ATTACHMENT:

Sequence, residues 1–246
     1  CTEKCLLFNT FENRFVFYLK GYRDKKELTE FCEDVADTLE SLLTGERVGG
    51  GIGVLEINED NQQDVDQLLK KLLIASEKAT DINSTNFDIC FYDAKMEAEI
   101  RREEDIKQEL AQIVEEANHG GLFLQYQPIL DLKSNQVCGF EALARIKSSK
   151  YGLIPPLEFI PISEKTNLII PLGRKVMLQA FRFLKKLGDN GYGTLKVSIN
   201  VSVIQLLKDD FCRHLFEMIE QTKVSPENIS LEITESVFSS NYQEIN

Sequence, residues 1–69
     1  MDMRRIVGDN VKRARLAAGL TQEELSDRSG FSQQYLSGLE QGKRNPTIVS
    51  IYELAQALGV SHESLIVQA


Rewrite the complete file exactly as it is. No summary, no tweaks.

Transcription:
Sequence, residues 1–246
     1  CTEKCLLFNT FENRFVFYLK GYRDKKELTE FCEDVADTLE SLLTGERVGG
    51  GIGVLEINED NQQDVDQLLK KLLIASEKAT DINSTNFDIC FYDAKMEAEI
   101  RREEDIKQEL AQIVEEANHG GLFLQYQPIL DLKSNQVCGF EALARIKSSK
   151  YGLIPPLEFI PISEKTNLII PLGRKVMLQA FRFLKKLGDN GYGTLKVSIN
   201  VSVIQLLKDD FCRHLFEMIE QTKVSPENIS LEITESVFSS NYQEIN

Sequence, residues 1–69
     1  MDMRRIVGDN VKRARLAAGL TQEELSDRSG FSQQYLSGLE QGKRNPTIVS
    51  IYELAQALGV SHESLIVQA